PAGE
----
But my current reread is the Dark Legacy duo, COPPER BEACH and DREAM EYES. JAK seldom does families, but the heroes of these two books are brothers, which is fun. Sam Coppersmith, hero of Copper Beach, is the lab guy who is a genius at manipulating crystal energy. When paranormal book finder Abby Radwell needs help, she is sent to him and sparks fly. Quite literally. <G>
Just a month ago Jo was still with us, and she’ll always be in our hearts — and “we will always have a part of Jo with us in her wonderful books,” as Wench Andrea/Cara recently said.
Jo wrote well over forty books and novellas, and we’ve each chosen our “favorites”—a word that loosely applies here. Choosing one or two over others wasn’t easy, but in the end the titles we picked all hold special meaning and resonance for each one of us. Some of us chose the same book. “Great minds and all that,” says Wench Joanna, “but see how differently we talk about it. A book is a collaboration between author and reader,” and the way we may respond to story and characters, and how we absorb and interpret a book, can be unique.
Recently, Jo's son Jonathan took this wonderful photo of his mother's many books--and her glittering collection of RITA awards.
Read our favorite picks -- and then tell us your favorite Jo Beverley books too!
Mary Jo Putney
So what is my favorite Jo Beverley book? This could be a difficult question. How about the stunning My Lady Notorious, first in the Malloren Series? Or how about Lady Beware, because of my unnatural fondness for Darien? Or her most recent, The Viscount Needs a Wife, which is subtle, original, and an overall delight?
And yet the choice turned out to be easy: Emily and the Dark Angel. It's one of her early traditional Regencies. It might have been the first book of hers that I read. It might have won the first (of five!) of her RITAs. Those details I don't remember.
What I do remember is that it is everything a Regency should be: beautifully written, rich with carefully woven historical detail, and superbly characterized, it is one of the best handsome rake/plain heroine books ever. Set in Melton Mowbray, the fashionable fox hunting capital of Regency society, the book features Emily Grantwich, a sensible twenty-six year old who is firmly on the shelf. She competently runs the family estate owned by her invalid father, and enjoys the challenges.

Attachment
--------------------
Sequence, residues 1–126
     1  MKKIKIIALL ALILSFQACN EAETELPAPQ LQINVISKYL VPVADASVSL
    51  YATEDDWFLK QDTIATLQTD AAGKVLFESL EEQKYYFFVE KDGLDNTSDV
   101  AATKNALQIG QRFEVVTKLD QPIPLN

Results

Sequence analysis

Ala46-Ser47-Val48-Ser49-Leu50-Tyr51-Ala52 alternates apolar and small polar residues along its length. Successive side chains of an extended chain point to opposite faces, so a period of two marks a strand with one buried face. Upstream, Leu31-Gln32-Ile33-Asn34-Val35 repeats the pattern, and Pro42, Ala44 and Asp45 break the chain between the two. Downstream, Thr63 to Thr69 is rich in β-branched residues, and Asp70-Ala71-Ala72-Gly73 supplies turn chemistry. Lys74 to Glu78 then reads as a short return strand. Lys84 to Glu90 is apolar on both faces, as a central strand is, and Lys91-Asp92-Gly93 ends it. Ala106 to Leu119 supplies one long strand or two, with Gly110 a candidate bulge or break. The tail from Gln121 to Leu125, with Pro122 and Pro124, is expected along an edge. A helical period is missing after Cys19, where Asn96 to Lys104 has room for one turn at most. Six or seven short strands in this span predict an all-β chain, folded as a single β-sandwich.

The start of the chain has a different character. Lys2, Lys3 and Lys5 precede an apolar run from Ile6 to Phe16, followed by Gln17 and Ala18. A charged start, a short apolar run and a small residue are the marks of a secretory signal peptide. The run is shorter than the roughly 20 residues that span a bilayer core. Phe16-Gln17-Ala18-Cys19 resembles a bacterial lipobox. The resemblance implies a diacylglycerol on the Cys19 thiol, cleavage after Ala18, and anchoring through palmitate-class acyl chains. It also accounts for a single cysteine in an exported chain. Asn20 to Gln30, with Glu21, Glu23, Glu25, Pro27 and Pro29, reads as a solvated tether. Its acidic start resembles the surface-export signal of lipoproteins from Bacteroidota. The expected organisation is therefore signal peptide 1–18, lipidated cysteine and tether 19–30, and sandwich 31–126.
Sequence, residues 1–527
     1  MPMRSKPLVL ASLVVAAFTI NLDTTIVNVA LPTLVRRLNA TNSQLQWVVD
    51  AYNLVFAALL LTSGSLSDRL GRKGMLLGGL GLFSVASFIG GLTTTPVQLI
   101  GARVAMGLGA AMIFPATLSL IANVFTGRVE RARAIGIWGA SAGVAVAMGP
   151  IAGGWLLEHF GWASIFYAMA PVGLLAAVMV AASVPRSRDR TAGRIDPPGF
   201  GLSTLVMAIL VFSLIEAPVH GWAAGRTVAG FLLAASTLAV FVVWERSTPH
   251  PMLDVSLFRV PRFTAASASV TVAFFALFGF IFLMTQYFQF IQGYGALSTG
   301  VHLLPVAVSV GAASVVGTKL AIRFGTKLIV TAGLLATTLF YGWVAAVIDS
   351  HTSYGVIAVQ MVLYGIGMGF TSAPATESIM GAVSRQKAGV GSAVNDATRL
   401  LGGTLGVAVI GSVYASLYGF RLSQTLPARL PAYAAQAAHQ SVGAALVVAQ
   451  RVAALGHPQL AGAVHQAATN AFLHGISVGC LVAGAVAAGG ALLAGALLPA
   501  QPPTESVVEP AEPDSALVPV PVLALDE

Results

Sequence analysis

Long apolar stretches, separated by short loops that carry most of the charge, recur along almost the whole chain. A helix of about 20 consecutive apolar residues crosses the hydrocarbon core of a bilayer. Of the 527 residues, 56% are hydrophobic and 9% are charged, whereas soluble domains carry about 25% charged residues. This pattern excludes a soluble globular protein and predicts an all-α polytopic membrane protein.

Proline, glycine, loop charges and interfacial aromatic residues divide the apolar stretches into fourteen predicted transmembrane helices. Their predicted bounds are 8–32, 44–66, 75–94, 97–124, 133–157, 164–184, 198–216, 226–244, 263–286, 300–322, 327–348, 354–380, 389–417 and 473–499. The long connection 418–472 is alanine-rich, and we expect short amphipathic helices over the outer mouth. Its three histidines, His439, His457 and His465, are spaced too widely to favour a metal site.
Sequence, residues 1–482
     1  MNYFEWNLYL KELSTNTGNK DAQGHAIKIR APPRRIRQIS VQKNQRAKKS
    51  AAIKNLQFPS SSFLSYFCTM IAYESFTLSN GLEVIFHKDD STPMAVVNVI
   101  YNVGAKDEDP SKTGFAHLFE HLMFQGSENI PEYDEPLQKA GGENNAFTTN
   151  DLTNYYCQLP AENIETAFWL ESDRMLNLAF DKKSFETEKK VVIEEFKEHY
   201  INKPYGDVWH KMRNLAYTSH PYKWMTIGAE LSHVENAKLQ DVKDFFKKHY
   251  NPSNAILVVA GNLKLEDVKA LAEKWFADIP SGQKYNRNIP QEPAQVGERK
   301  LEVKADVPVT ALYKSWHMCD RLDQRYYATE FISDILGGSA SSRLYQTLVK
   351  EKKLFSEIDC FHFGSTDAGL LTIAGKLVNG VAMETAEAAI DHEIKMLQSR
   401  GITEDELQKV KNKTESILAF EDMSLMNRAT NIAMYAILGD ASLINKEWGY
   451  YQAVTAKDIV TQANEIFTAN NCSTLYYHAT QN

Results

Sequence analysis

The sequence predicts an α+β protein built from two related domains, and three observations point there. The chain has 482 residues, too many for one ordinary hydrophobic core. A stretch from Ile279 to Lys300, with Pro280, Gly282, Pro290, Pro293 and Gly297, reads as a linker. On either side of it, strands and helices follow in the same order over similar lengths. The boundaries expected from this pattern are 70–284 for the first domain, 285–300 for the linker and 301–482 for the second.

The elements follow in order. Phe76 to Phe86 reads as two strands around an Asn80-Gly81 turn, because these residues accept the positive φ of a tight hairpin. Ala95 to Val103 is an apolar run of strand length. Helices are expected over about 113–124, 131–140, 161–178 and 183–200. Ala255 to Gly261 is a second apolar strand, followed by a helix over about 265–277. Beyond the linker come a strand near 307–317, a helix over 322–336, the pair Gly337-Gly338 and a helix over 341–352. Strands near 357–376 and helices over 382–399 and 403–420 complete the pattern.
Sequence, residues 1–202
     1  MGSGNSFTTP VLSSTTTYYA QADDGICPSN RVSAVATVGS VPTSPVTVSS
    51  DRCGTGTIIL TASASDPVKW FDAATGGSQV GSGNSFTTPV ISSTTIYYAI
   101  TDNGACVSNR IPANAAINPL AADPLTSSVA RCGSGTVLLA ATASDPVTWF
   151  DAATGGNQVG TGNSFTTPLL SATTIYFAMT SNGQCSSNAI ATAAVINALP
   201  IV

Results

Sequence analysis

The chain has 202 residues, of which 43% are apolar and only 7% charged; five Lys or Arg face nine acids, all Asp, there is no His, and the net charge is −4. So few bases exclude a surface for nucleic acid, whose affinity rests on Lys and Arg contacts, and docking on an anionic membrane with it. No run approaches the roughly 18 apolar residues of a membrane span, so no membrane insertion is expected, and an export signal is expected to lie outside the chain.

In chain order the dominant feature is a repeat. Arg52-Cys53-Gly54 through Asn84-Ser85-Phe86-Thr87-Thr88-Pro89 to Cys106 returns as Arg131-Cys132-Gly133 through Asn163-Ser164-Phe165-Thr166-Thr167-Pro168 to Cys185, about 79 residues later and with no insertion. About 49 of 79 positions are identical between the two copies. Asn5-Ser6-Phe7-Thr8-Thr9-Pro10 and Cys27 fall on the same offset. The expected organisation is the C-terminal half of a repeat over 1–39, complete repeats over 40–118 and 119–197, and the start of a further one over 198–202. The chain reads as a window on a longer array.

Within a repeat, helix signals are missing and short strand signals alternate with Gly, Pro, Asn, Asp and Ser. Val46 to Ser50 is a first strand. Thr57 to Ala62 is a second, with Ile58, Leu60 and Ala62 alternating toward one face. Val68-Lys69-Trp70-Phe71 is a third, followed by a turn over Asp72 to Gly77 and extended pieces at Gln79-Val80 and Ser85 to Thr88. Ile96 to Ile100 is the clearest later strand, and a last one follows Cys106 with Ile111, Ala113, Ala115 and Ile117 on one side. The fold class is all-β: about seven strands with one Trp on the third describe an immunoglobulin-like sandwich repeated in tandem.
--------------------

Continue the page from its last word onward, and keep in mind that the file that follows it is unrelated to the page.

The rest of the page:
Verderan, the Dark Angel, is a notorious rake who inherits the adjoining estate--and proves that a man must be very charming to make a good rake! The growing relationship between them is both convincing and romantic--and just reading about the book made me pull one of my two copies off the keeper shelf because it's time for a re-read!
I went along my keeper shelf, looking at the old friends. It was pick one up and say, "Oh, yes. That's my favorite." Then I'd see the next one and open it and think, "No. This one is the best."
I sat dithering between Secrets of the Night, (so sensual), and An Arranged Marriage. (Oh, Nicholas. How could I NOT choose you?) And finally settled on An Unwilling Bride. The privileged heir of an aristocratic house and a prickly, radical schoolmistress are forced into marriage. There's resentment and distrust from the start and a chasm of social inequality that causes misunderstanding after misunderstanding.
Not the ingredients of a happy life together.
Many of Jo's books are about the needs and desires of strong men and women confronting the rigid, hierarchical society in which they live. This is the boundary she continually explores. An Unwilling Bride is this conflict in almost pure form. It's the meticulous picking apart of the assumptions and attitudes of Beth and Lucien, two complex people who are so Georgian we believe in them utterly and so universally human that our hearts ache for them.
I love the gradual coming together of Beth and Lucien. I see them working at the relationship, deliberately uncovering their vulnerabilities, being honest. Kindliness and goodwill are as important as desire. I like that. I like to see friendship growing up beside love.
What's special about Jo's work is not that she gets the historical clothing and countryside and forms of address correct. Though she does. Nobody does it better.
It's the strong, honorable people. She gets the people right.
Andrea Pickens/Cara Elliott
What can I say? Trying to pick a favorite Jo Beverley book is like trying to pick a favorite vintage champagne—each has its own uniquely nuanced taste, hue and effervescence but they all possess a brilliant sparkle and leave you feeling blissfully intoxicated! Jo was a master at creating compelling characters whose conflict created stories of depth and complexity. I think readers love her books because they are so real. Flaws, fears, difficult decisions, past mistakes—we all can relate to the struggle to define happiness and the struggle to find love. Her writing resonates with intelligence, a masterful command of language and history, and a true gift for storytelling.
Okay, do I REALLY have to pick a favorite? (She says with a heavy sigh.) If pressed, I guess I have to say An Unwilling Bride. For me it showcases all of Jo’s magnificent talents. She took what to most authors would have been a very difficult storyline and created unforgettable characters and crackling tension, all in such a thoughtful exploration of human nature—and then of course ended with the celebration of love as the ultimate redeeming power.
Love—it’s at the heart of romance books. And Jo, we love you.